Test and Trace spends £1 million per day on Deloitte consultants

02 July 2021 Consultancy.uk 4 min. read

UK Parliament’s spending watchdog has found that the Government’s dependence on consultants to improve its Test and Trace app is yet to diminish. In particular, consultants from Deloitte have brought in a combined £1 million in daily fees, with some senior advisors billing more than £6,000 for a single day.

At the end of June, it emerged that Britain's much-maligned pandemic Test and Trace system was still missing targets, while the results of millions of tests to find asymptomatic cases have not been reported. According to Parliament's spending watchdog the National Audit Office, during a surge in cases in December, only 17% of people received test results in 24 hours against a target of 90%. Meanwhile, the NAO also noted that while the government's scientific advisors said for the system to work, no more than 48 hours should pass between identifying a case and their contacts isolating, that time varied between a median of 74 and 97 hours in January and April.

The findings regarding missed targets were nothing new – but neither were other findings relating to the spending of public money on consultants for the failed system. While the Government has continuously been criticised for over-dependence on consultants when addressing the pandemic – as well as for the growing cost to the public this has incurred – it emerged that it had repeatedly doubled down on its professional services spending during the second wave of Covid-19.

Test and Trace spends £1 million per day on Deloitte consultants

Many consulting firms have repeatedly found themselves under intense scrutiny as a result of this, including McKinsey & CompanyPwC and KPMG. Deloitte has arguably been the most prominent though, having routinely been cited by opposition figures as why the public health response to coronavirus ought to have been carried out inhouse.

According to the NAO, Deloitte is by far the consultancy with the highest value of Test and Trace contracts. The ombudsman said the firm had contracts valued at £298 million in place with the programme, and that £174 million had been spent by the end of March 2021. Among the deals won by the firm is a £50 million engagement for the delivery of the online platform for booking coronavirus tests.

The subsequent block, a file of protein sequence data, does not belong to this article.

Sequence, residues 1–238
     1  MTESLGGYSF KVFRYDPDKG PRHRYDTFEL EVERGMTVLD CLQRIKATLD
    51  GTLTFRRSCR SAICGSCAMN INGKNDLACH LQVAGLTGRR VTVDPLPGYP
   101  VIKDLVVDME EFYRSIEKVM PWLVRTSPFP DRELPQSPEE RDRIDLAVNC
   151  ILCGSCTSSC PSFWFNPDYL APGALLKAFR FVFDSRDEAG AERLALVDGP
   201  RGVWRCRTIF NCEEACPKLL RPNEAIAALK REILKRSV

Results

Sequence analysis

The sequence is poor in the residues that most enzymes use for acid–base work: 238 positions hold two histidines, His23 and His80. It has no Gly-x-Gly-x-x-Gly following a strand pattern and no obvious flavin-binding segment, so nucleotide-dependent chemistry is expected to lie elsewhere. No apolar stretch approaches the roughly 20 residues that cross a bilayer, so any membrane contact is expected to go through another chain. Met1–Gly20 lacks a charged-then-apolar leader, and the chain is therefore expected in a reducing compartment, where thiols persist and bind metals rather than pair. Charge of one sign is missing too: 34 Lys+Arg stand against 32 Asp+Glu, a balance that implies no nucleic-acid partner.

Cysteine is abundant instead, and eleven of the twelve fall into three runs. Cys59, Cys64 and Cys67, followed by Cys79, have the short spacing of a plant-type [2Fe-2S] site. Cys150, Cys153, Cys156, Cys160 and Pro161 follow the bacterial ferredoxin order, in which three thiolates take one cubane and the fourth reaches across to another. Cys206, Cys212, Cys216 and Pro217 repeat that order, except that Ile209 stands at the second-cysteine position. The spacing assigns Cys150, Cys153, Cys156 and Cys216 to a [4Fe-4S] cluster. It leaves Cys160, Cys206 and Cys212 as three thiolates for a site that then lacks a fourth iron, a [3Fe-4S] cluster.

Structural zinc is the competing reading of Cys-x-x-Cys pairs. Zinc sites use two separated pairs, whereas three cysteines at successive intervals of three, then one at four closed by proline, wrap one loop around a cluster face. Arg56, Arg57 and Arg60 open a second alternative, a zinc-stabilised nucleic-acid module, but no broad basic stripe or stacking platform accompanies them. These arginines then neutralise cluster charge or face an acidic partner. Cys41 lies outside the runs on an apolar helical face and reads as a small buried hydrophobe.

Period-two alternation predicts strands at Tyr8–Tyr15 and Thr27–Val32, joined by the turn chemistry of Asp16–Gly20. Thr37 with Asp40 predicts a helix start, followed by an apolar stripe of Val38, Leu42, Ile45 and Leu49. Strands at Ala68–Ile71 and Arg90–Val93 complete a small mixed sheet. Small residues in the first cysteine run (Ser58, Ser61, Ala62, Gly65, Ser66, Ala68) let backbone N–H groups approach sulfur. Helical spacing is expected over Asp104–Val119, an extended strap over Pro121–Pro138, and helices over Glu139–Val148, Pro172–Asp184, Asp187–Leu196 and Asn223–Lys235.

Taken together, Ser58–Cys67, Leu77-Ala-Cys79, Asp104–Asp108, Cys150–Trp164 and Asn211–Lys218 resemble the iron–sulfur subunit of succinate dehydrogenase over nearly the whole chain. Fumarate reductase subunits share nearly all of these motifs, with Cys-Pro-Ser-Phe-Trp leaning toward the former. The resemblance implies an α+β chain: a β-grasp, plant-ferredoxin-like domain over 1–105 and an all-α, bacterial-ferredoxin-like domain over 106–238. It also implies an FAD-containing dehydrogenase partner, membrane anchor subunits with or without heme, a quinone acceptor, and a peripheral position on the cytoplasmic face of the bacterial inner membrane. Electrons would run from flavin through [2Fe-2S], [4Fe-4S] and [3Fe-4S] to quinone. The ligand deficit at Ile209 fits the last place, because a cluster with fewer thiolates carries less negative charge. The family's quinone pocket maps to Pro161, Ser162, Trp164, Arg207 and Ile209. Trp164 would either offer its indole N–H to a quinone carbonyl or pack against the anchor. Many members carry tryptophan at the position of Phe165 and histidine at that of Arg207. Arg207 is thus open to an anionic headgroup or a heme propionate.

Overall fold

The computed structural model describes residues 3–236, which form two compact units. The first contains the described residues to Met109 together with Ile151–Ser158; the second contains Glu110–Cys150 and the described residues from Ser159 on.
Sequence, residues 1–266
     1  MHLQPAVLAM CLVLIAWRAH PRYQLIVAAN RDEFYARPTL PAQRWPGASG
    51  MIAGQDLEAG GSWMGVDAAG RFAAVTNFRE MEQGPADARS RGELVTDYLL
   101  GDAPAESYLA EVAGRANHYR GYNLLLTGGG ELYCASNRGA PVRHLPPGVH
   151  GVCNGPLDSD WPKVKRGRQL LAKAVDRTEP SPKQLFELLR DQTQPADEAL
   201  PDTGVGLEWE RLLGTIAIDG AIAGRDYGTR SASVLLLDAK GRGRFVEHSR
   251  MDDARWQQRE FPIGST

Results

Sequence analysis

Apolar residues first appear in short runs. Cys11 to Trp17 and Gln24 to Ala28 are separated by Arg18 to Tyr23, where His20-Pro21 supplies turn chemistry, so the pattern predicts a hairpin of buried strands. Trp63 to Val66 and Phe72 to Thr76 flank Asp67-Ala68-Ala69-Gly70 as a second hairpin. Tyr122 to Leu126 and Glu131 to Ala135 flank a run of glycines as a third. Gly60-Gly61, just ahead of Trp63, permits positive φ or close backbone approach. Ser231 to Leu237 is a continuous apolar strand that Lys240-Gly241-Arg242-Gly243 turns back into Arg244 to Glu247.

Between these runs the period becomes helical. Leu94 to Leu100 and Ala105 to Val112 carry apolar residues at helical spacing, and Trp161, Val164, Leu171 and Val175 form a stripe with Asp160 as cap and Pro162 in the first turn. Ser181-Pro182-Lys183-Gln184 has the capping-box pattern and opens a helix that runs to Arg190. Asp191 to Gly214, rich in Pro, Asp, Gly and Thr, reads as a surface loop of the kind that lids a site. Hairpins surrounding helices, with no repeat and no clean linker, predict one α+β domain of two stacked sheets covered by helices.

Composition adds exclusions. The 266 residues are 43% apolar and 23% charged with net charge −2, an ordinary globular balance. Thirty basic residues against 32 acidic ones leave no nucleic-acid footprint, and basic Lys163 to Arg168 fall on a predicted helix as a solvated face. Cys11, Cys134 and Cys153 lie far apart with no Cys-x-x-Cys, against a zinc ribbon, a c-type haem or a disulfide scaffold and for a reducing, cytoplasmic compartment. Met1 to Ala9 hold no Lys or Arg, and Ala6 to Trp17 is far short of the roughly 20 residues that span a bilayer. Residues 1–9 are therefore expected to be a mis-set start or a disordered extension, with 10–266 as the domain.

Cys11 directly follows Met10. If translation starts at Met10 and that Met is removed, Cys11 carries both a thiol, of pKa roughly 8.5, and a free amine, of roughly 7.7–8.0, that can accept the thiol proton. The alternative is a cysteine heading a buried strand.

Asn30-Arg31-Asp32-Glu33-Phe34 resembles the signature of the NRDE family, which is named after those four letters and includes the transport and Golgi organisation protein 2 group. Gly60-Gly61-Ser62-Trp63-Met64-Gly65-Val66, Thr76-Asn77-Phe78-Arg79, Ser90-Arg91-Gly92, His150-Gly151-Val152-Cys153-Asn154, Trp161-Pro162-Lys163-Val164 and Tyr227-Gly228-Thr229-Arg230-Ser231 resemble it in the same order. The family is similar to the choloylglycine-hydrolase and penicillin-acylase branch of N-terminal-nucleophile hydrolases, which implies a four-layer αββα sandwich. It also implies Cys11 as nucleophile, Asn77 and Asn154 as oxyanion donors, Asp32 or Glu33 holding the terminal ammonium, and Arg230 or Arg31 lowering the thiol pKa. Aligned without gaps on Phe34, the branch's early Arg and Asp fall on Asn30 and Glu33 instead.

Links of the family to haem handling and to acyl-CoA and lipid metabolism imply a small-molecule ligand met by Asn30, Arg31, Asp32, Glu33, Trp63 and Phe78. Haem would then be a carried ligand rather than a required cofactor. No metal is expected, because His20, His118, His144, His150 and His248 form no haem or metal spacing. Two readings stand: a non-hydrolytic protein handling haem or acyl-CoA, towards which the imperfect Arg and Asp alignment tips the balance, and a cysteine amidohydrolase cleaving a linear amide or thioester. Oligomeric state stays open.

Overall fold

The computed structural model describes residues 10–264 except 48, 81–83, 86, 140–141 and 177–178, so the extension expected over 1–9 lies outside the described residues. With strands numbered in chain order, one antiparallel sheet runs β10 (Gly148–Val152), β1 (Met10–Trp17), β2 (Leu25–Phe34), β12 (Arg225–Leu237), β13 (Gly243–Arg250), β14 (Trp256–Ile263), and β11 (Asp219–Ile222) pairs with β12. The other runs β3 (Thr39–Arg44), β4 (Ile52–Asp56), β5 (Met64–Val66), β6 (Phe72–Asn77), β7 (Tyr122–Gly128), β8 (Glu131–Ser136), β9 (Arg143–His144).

The findings stand in stark contrast to the claims of then Department of Health and Social Care second permanent secretary David Williams in January, when he assured Parliament's Public Accounts Committee that there was a plan in place to “reduce markedly” the number of consultants from Deloitte who were working on Test and Trace. Williams has since become permanent secretary at the Ministry of Defence – but at the time he claimed there were “around 900” staff from the consultancy working on Test and Trace, who he expected were costing £1,000 a day each – meaning the daily total was close to £1 million.

During the statement he declined to comment on reports that some of the Deloitte advisors were billing their services at up to £7,000 a day. One month later though, Baroness Dido Harding – who was serving as head of the programme – confirmed to the Public Accounts Committee that some senior consultants working on the operation had been paid up to £6,624 a day for their services.

Public sector organisations often contract consultants for projects when they believe they do not have the inhouse knowhow or capacity to meet targets without outsourcing. One Department of Health and Social Care spokesperson alluded to this, while suggesting the engagement of consultants like Deloitte means necessary skills have been built up within the department.

They explained, “While NHS Test and Trace continues to be one of the centrepieces of our roadmap to return life to normal, our new UK Health Security Agency is going to consolidate the enormous expertise that now exists across our health system so we can face down potential future threats and viruses.”

In line with this, the NAO also noted in its report that Test and Trace’s current plans featured the reduction of consultancy spending. This includes the appointing of a senior responsible owner for the reduction of the Deloitte contract, with its presence falling from 1,035 consultants in February down to 449 by September.

Other consultancies noted for their hefty Test and Trace fees included IBM, with contracts valued at £40 million, and a figure of £21 million spent by the end of March. Meanwhile, AccentureBoston Consulting Group and PA Consulting each with committed contracts worth £30 million and varying amounts of spend.